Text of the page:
• Redundant processes are completed by different people in the organization to accomplish a single task.

  • Policies and procedures are updated without erasing the old, resulting in staff being guided by outdated information.

  • Projects and routine tasks include extra steps that contribute nothing to the end deliverable.

  • Roles and task assignments are not clearly defined, leading to necessary activities being overlooked or duplicated by multiple people in the organization.

Simplify to get to the heart of what really matters in an organization.

I work with human services organizations to define policies, processes, and operational procedures that are aligned with their core mission, eliminate redundancies, and simplify to eradicate unnecessary complexity and chaos. This frees the organizations to focus more energy and resources on fulfilling their vision for change in the world with maximum efficiency.

Process for Change #4: Build Collaborations

Two heads really are better than one when it comes to solving big problems in the world. Few things are as essential to the success of human services organizations as teaming and collaboration. When people within the organization collaborate effectively, the group as a whole is able to accomplish more with less effort. When organizations build collaborations with external stakeholders that share a common vision, more innovative solutions emerge and organizations are able to optimize resources in service of the shared mission or target client group.

Build collaborations internally and externally in service of a shared Why.

Here are a few ways that I use this process for change to help impact-focused human services organizations reach their full potential:

  • Embed processes for teaming within the organization to improve operational efficiency and impact.

  • Facilitate brainstorming sessions to spark idea generation and knowledge sharing.

  • Identify key external collaboration partners to expand the organization’s reach and optimize the use of resources deployed to serve the same vision or client group.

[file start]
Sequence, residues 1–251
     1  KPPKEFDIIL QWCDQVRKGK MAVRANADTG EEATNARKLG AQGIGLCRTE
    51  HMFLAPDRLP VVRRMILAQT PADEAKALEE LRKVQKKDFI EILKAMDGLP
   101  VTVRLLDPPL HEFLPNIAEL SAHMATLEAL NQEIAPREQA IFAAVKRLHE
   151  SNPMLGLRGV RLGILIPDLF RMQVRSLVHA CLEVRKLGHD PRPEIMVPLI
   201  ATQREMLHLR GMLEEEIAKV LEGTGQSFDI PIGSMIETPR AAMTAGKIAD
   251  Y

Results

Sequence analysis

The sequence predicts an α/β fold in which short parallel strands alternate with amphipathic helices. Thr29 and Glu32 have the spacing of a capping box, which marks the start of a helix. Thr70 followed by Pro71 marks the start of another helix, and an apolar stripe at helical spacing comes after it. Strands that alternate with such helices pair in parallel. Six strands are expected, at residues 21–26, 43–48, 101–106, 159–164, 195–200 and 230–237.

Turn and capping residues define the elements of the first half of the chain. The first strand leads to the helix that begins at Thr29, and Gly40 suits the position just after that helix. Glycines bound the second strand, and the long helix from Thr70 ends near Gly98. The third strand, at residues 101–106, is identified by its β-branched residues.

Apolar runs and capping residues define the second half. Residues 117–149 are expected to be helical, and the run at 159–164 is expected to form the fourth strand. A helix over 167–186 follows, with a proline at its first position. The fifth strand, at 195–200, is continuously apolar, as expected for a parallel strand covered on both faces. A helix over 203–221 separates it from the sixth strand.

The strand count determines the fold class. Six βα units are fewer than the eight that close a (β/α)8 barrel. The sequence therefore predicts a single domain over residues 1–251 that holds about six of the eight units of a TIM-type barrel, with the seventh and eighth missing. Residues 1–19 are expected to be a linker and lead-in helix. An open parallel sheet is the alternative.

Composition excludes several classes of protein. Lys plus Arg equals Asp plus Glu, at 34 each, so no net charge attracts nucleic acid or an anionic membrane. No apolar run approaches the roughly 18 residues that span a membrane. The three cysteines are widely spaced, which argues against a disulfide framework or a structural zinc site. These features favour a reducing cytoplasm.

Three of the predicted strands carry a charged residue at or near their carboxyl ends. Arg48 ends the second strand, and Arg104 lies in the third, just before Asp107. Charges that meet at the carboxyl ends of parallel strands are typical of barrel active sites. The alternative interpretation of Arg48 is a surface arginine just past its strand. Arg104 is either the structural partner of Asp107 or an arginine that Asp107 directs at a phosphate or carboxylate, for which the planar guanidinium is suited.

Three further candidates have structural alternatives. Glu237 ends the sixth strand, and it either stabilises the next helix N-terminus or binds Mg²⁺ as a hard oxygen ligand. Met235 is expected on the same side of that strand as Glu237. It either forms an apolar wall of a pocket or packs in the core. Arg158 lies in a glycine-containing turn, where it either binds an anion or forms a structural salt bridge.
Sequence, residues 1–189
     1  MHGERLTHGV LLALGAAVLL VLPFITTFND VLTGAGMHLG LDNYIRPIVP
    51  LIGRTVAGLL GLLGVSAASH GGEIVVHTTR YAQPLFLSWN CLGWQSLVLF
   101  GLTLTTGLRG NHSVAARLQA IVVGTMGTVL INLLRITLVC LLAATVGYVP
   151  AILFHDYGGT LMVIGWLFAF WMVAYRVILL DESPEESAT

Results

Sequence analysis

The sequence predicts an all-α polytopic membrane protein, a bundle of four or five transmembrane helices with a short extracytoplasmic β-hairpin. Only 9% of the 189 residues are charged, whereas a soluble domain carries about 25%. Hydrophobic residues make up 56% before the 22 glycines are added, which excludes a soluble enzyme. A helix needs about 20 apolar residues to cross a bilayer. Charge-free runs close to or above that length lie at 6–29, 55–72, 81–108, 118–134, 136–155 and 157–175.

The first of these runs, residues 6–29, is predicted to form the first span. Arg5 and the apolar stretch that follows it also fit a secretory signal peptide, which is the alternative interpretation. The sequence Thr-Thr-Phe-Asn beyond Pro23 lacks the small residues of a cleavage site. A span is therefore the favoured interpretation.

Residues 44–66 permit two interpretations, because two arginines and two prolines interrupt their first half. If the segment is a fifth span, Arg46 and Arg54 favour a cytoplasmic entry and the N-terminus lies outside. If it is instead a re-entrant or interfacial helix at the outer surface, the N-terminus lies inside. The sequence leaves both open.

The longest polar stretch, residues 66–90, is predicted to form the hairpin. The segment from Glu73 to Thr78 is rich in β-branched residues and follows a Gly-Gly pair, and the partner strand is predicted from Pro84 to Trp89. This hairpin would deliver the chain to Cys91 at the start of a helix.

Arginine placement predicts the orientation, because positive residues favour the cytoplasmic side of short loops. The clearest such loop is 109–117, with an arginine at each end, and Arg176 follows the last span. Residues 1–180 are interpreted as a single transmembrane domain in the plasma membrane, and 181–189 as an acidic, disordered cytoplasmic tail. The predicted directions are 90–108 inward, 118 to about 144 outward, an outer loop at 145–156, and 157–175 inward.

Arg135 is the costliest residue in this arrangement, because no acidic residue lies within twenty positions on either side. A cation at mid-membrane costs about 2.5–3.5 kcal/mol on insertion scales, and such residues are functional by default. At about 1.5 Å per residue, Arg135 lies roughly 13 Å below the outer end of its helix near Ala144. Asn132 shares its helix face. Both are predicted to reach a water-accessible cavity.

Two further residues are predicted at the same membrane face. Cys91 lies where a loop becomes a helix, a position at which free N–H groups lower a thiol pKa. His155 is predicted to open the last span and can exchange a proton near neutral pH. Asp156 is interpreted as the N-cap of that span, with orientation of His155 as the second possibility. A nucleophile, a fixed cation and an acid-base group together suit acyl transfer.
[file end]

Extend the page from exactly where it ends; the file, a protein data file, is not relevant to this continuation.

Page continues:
By strengthening a human services organization’s ability to team effectively and build collaborations internally and externally, I help the organization tap into a whole new level of potential for positive change in the world.

Process #5: Create a Roadmap and Evaluate Progress

Every truly effective human services organization has two things: 1) a strategic roadmap that guides actions on a daily basis, and 2) processes in place to consistently evaluate progress against that roadmap.

What happens to an organization without a roadmap or rigorous evaluation process?

  • The organization appears adrift, unable to gain traction to achieve their vision for positive change in the world.

  • Precious resources are wasted on activities that are only minimally effective to achieve the organization’s vision.

  • Staff feel overwhelmed and burned out sooner without a clear direction and evidence that their efforts are producing the desired results.

  • Potential collaboration partners, including funders, are less likely to join with the organization.

Strategic planning and program evaluation are just two of the key ways that I use this process for change to empower impact-focused human services organizations to achieve their full potential.